The tenth Anteprima Amarone was held in Verona on 26 and 27 January when 58 producers revealed their wines from the 2009 harvest to the world’s press.
It also provided the Consorzio of Valpolicella with an opportunity to take stock of Amarone’s position in the market and the changing character of the wine itself, writes Helen Savage.
Despite a blip in 2009, as the world economic crisis began to bite, and when according to Christian Marchesini, the President of the Consorzio, “the producers got scared,” the area under vine has continued to grow steadily. He reported that it increased from around 5,200 ha. in 2000 to 7,200 ha. in 2012, with a further 343 ha. planned for 2013/4. Valpolicella as a whole now represents 10% of the total wine production of the Veneto and 47% of red wine production.
Alessandro Bianchi, of the Verona Chamber of Commerce described an increase in turnover of 20% between 2009 and 2011 and an industry in which producers are making healthy profits. The most profitable lines, by far, according to most growers are Amarone and Ripasso,
The export market, on which Amarone depends for around 80% of its sales is growing too, but remains firmly dependant on Germany (which takes around 44% of the export total) and Northern Europe, along with the USA, Canada and the UK.
Bianchi reported that the Russian market is also showing growth, but is still relatively untapped. “I am sure we can expect more growth,” he said, “and we should neither increase nor lower prices. It is not right to increase prices when a product is doing well.” In contrast, the Italian domestic market remains relatively sluggish, and is even in slight decline.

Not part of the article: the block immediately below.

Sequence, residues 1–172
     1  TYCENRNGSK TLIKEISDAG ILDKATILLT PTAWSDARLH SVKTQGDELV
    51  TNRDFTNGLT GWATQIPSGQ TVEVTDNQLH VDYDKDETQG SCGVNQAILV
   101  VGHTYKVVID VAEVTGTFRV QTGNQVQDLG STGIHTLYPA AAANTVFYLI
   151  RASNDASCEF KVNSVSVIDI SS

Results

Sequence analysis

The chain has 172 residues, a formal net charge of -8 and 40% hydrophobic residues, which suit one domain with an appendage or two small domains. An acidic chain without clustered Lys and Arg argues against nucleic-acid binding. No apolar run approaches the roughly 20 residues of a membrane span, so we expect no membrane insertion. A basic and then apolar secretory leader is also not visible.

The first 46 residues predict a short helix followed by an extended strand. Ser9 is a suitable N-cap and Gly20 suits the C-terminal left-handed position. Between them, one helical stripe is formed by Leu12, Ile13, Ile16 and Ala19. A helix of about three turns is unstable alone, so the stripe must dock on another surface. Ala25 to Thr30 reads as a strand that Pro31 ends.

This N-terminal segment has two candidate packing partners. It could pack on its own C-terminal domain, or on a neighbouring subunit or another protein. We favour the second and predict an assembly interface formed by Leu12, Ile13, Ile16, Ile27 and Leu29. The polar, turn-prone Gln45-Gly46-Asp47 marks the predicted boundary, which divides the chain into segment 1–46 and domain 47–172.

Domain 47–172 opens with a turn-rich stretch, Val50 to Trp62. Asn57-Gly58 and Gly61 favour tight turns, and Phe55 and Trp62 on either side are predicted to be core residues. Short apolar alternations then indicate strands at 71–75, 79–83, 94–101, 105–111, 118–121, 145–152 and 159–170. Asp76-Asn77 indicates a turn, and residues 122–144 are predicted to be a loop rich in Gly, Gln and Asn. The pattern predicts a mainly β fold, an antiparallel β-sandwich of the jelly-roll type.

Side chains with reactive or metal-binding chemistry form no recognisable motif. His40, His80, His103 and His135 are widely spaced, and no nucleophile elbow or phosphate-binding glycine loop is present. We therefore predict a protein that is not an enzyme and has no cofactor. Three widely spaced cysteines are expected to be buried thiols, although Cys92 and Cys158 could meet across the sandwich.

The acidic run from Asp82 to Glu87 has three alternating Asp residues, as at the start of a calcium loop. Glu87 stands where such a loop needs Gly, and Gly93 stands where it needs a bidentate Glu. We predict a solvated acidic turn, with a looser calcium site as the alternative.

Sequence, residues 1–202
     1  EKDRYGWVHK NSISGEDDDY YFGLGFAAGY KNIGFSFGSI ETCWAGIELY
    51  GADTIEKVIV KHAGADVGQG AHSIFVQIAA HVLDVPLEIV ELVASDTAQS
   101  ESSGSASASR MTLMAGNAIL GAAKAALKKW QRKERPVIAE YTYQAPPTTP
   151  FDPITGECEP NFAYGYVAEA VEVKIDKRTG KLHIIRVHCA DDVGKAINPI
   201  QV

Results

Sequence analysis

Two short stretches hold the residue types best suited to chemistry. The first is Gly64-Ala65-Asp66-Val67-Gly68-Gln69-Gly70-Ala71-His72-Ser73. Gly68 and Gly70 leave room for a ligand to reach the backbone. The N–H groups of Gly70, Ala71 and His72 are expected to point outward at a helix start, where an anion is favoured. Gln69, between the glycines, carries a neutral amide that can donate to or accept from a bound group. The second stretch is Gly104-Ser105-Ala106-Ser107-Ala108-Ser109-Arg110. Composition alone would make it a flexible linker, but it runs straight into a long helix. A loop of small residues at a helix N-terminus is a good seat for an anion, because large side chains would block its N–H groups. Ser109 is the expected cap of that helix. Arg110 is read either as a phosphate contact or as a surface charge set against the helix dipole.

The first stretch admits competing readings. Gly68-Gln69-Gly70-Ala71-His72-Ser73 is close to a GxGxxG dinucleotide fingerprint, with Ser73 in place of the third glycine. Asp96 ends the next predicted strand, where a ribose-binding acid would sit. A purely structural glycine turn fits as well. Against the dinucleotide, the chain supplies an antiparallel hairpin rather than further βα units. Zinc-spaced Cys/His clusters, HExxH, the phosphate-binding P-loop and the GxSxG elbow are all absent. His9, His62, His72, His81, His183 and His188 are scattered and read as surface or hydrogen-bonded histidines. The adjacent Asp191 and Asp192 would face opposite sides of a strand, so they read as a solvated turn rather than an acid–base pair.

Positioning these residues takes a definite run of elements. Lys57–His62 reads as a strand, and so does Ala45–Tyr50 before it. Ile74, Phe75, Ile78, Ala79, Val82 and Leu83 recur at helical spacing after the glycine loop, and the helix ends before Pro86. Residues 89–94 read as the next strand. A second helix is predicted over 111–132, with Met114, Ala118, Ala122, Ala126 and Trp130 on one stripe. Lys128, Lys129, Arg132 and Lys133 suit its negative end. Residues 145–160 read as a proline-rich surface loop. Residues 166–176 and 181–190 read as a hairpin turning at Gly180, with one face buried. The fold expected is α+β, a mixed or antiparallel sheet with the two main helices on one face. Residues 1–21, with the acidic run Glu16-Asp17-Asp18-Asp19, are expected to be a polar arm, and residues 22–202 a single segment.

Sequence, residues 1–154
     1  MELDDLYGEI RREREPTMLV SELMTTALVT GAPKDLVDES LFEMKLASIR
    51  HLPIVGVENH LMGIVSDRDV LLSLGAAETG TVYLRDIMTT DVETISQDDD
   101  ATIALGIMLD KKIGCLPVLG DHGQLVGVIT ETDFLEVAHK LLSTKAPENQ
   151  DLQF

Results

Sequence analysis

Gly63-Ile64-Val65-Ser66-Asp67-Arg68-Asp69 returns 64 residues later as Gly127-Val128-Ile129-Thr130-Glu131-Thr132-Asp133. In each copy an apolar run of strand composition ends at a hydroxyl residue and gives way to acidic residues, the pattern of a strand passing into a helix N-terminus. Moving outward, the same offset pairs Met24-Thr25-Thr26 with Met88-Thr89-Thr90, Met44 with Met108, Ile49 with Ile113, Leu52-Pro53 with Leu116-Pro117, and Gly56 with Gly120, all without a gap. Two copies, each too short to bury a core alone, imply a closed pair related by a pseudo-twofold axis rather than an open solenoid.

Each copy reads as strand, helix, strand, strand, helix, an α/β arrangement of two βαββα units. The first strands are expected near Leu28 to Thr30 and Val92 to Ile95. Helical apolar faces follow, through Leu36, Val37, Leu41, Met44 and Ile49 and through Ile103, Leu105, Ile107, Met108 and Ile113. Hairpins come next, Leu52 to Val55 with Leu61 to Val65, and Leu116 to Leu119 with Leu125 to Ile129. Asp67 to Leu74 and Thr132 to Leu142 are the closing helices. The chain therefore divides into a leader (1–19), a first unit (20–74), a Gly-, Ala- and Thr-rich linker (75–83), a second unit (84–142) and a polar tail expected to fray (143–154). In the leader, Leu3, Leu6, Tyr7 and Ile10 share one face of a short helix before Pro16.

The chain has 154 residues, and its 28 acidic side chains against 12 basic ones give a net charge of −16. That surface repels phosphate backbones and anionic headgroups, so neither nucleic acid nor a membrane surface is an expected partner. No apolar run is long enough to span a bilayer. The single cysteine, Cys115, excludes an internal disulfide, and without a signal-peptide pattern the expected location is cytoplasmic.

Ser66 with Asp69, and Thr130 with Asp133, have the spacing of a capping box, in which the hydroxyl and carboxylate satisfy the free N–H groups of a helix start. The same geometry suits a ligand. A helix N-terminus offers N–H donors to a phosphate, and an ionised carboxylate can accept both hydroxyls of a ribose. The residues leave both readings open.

2009 was challenging for winemakers. Daniele Accordini , oenologist and vice-president of the Consorzio, described a fore-shortened season, which resulted in musts with high sugar levels, high pH and low acidity. The winter and early spring was cold and very wet. The vegetative cycle began about a week late. Bud-burst was on April 22. Virtually no rain fell in May and temperatures rose quickly. Flowering began early on 22 May, and after one of the hottest Augusts on record, the harvest began on 22 September, a fortnight earlier than in 2008 with grapes that were thick-skinned and healthy.
Dry weather continued for the start of the drying process, but the second half of October turned cool and wet, which continued through November and into December. Growers relied on their air conditioning in their drying rooms to protect the fruit, but the especially thick skins of the grapes in 2009 also helped to protect them against fungal infections and excessive botrytis (though some welcome a degree of noble rot, especially on grapes intended for Recioto).